I was waiting on the heat-softened asphalt of Baghdad Airport’s car park to catch a flight, heat concentrated on my earlobes and on the tip of my nose, heat hunting for new places to cause discomfort, heat like this never felt before.
The desert, like a yellow-brown hot plate on a giant stove, hazed the horizon, the haze reminding me of how I got so released from ego the day before that the world had blurred; transparent plasma, 1000 mega-pixel clear, had sharpened in its centre. Chemical lumps in my river veins had struck the floor and then had sky-rocketed, swirling, with frictionless acceleration, to my head, chemistry-recoil in cerebral explosions; men with covered faces, holding guns, had surrounded the car.
“Jeesuzz,” James had hissed beside me. “Jeesuzzz Kerreist…..”
Time became a piece of eternity.
But the driver could talk. Maybe this freed us? Maybe it was because we were NGO workers? Maybe the driver had contacts in the resistance? I’ll never know.
A soldier was beside the departure-lounge door, his right arm pumping, sucking in as if trying to pull his cigarette’s butt out. His mahogany-bowl eyes, seemingly varnished with shimmering lacquer, seemed to be conducting electricity. His front-on-bird eyebrows, like hedge wings, flew as he said: “I slept two hours a night for months in a truck while we were taking Baghdad. Things then cooled down. Then it heated up again and now I hardly sleep again.”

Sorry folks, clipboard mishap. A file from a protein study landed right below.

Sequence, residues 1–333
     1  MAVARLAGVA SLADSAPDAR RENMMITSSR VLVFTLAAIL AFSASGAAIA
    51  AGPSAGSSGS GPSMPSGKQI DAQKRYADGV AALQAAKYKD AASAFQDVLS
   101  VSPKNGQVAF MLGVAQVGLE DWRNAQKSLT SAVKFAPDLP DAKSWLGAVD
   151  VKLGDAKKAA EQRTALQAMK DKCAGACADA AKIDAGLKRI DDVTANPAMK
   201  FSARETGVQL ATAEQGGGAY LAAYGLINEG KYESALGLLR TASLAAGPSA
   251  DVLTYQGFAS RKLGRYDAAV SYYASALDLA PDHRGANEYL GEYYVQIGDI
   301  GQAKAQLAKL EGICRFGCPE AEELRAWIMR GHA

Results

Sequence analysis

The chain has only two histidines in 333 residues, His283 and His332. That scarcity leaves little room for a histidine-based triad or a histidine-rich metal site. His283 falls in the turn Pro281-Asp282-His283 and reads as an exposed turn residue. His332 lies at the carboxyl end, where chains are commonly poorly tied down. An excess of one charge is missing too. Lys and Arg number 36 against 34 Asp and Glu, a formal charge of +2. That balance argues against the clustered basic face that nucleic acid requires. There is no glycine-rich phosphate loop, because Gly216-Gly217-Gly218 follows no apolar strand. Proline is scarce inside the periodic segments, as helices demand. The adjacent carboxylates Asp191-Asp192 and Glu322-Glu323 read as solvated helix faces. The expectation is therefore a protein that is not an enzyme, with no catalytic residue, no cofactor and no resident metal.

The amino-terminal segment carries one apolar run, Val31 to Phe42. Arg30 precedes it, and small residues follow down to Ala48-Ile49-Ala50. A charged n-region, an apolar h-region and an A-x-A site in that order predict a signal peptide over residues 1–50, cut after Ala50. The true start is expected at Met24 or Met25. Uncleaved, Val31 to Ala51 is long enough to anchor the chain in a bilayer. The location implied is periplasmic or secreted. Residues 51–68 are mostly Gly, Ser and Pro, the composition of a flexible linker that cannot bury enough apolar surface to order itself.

The red in his eyes resembled blood-coloured blueprints for computer circuits. The sky resembled impenetrable cobalt. The desert shimmered to the farthest horizon I had ever seen, its vastness, and the sky’s, reducing me down to a dot.
He said: “Wind in palm trees is now like mortar rounds. Even the sand can now rise up and kill me.”
My mouth opened as if a rifle barrel had been stuck in there.
From the hangar next door, a space that scaled cathedrals down to sheds, emerged a guy who resembled scrubbed cactus, cut thorns packed on his rectangular head.
“Rodriquez,” he said; “get over here.”
Rodriquez said: “Two weeks left. They gonna be history’s two longest weeks. Man, there’s only one thing I wanna know.”
My dumb silence got engulfed by a space that made me feel like an ant.
By leaving I was avoiding accumulating uncertainty. Curiosity gives you the naive optimism to get you there; commonsense extracts you once information reaches overload; but to have no control over either…………..
At LA airport I bought a newspaper; information flew out of one of the pages as if a fact had mastered flight. The page became three, four; then five dimensions. Corporal Pedro Rodriquez killed by roadside bomb.
He died ten minutes after we met.
People dashed around before me like atoms of delusory purpose. Most of these people, I thought, wouldn’t have any idea of what hope or worry was.
Rodriquez could easily have been reading about me; for a long time nothing at home bothered me at all.